Death star signals: 'Space beats' create music from dying stars

A globular cluster known as NGC 104 — or, more commonly, 47 Tucanae, since it is part of the constellation of Tucana (The Toucan) in the southern sky. © Wikipedia
Scientists in China have used beats emitted from two newly-discovered stars, billions of kilometers from earth, to create funky music.

The catchy 38-second clip, shared online by the South China Morning Post, captured a range of unique sounds from the stars.

Both rare stars were discovered in the second brightest globular cluster, 47 Tucanae, which is some 16,700 light years away from the earth and 120 light years across.

Researchers at the National Astronomical Observatory of China (NOAC) have released the clip to encourage public interest in learning about the stars, known as ‘pulsars’.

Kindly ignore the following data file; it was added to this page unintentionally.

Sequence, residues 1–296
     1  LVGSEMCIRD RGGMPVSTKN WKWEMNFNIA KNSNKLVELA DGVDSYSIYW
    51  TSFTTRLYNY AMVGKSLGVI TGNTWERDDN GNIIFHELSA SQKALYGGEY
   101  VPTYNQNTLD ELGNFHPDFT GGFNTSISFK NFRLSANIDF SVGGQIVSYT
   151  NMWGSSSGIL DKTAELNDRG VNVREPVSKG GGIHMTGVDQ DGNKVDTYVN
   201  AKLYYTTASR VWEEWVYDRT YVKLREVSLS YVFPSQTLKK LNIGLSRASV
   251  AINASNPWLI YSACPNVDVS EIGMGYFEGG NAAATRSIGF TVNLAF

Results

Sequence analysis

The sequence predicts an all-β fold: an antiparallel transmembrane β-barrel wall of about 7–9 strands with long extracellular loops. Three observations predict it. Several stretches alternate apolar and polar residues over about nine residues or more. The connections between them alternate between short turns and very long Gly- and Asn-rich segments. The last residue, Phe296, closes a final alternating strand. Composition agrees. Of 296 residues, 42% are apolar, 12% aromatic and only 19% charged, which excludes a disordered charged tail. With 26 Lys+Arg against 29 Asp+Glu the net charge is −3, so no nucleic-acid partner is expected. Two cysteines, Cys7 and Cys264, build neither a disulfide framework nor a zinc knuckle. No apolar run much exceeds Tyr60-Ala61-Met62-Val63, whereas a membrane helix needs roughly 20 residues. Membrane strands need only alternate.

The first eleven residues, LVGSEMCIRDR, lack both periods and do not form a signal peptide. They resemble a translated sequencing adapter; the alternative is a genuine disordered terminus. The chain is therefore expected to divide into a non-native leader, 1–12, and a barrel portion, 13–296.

Pulsars are dying stars which rotate and create a powerful beam of electromagnetic radiation. This emission was converted by the researchers into sound waves so they can be heard by the human ear.

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The beat was then used to create the main part of the music - set in C major - along with percussions and drums from the frequency.

The rotation of pulsar beams has been used by astronomers to study cosmic time frames and other issues such as bending of space time, the ripping of gravitational waves and mapping of galaxies.

Though the 47 Tucanae contains millions of stars, as few as 25 pulsars were discovered by the research team.

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